Battle River Ferry

 Battleford River Ferry near Wainwright in the early 1900s (J. H. Gano, Glenbow Museum ND-18-14), and in 2013 (CW-2013-07-04-0007).

Bison, People, Fire and Floods on the Boundary of the Aspen Parklands

The Battle River traverses the aspen parklands of the Canadian plains north of the treeless grasslands that span southern Alberta and Saskatchewan. This valley and the bluffs and dune areas nearby were covered with small groves of aspen and shrublands that provided two essential resources for past peoples wintering near bison herds– sheltered campsites for protection from severe weather, and wood for heat. These sites also had trees to construct pounds to corral bison, and, important in the equestrian era, aspen bark to feed horses.1 When camped in these sheltered locations, people hoped that wind-driven blizzards and deep snows on the plains would drive bison off the grasslands into parklands near their winter camps. Here bison could be or herded into pounds. But in “open winters” bison could avoid human predation by keeping to barren plains. The Missionary John McDougall described this situation at a camp of Cree near the Battleford River in 1865: “We were discouraged to find that these people were living from hand to mouth—that while the buffalo were within from sixty to one hundred and fifty miles distant, they (the bison) had not yet attempted to come north. The camp was still waiting for this….The rigor of the winter and the conditions of the grass and wood forbidding the camp moving any nearer to them.” 2

The collapse of First Nation and bison populations in the 1800s, and the subsequent settling of the aspen parkland by farmers, greatly changed this productive ecosystem.3 Evident from the repeat photographs, the cover of aspen and shrubs such as willow, wolf willow, and Saskatoon has increased dramatically. Pollen studies show that aspen cover began to increase as early as the 1860s, largely due to declining fire frequency, and possibly even due to less bison trampling, horning, browsing and other activities that damaged woody plants.4 In this area of the parkland, routine hunting to supply posts such as Fort Edmonton had begun to reduce local bison abundance as early as the 1850s. Cree hunters and camps began to move southwards to harvest bison that were by then most often found on the open plains nearer to the Red Deer River. 5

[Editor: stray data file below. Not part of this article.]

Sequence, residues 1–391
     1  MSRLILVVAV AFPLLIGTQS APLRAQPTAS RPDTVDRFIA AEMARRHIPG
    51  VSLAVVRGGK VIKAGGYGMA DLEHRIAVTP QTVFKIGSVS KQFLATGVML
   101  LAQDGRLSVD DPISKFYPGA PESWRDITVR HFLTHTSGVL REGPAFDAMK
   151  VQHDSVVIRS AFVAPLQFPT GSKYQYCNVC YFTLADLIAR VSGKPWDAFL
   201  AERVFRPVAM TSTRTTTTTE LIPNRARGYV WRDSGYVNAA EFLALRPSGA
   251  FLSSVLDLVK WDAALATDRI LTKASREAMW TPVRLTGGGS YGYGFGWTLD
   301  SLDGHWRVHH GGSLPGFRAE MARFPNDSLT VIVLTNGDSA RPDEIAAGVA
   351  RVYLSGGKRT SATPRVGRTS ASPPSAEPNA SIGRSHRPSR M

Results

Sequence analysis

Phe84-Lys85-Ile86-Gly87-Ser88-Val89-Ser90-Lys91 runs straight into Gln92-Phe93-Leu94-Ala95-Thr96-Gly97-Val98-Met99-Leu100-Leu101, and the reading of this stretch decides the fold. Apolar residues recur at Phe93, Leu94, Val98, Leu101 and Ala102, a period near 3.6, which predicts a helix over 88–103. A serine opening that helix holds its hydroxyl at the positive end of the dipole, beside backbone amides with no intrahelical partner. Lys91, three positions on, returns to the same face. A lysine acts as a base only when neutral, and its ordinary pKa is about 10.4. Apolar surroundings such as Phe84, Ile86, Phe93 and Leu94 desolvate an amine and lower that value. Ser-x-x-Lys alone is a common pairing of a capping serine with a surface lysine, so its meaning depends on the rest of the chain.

The repeat photographs also show a narrowing of the Battle River between the early 1900s and 2013, possibly due to fewer floods that remove shrubby vegetation along its banks. This could be the result of an interesting set of ecological effects. Ecologist Glynnis Hood studied interactions between fires, beavers, climate change, and hydrology in nearby Elk Island National Park. She and her co-authors report: “when combined with drought and herbivory, prescribed fire does not improve beaver habitat.”6 Perhaps more frequent floods on the Battle River in the 1800s resulted from fewer beaver dam impoundments due to heavy trapping that removed beavers, and frequent fires and bison plant damage that reduced woody materials for beaver dam construction. Recently, fire reduction provides abundant material for beavers to build dams, beaver abundance has rebounded from the fur trade period, and farmers have built water impoundments along many tributaries to the Battle River to water their stock. These activities, combined with climate changes such as less winter snow accumulation could cause fewer floods along the Battle River.

Footnotes and Map

  1. Vickers, J. R., and T. R. Peck. “Islands in a Sea of Grass: The Significance of Wood in Winter Campsite Selection on the Northwestern Plains.” In Archaeology on the Edge: New Perspectives from the Northern Plains, edited by B. Kooyman and J. Kelley, 95—124. Calgary, AB: University of Calgary Press, 2004.
  2. McDougall, J. Pathfinding on Plain and Prairie. Toronto, ON: William Briggs, 1898.
  3. Bird, R.D. Ecology of the Aspen Parkland of Western Canada in Relation to Land Use. Publication 1066. Ottawa, ON: Research Branch, Canada Department of Agriculture, 1961.
  4. Weir, J.M.H., E.A. Johnson, and K. Miyanishi. “Fire frequency and the spatial age mosaic of the mixed-wood boreal forest in western Canada.” Ecological Applications 10 (2000): 1162-1177; Campbell, C., I. D. Campbell, C. B. Blyth, and J. H. Andrews. “Bison Extirpation May Have Caused Aspen Expansion in Western Canada.” Ecography 17:4 (1994): 360-362.
  5. Colpitts, G., “The Methodists`Great 1869 Camp Meeting and Aboriginal Conservation Strategies in the North Saskatchewan River Valley.” Great Plains Quarterly 29 (Winter 2009): 3-27.
  6. Hood, G.A., S.E. Bayley, and W. Olson. “Effects of Prescribed Fire on Habitat of Beaver (Castor canadensis) in Elk Island National Park, Canada.” Forest Ecology and Management 239 (2007) 200–209.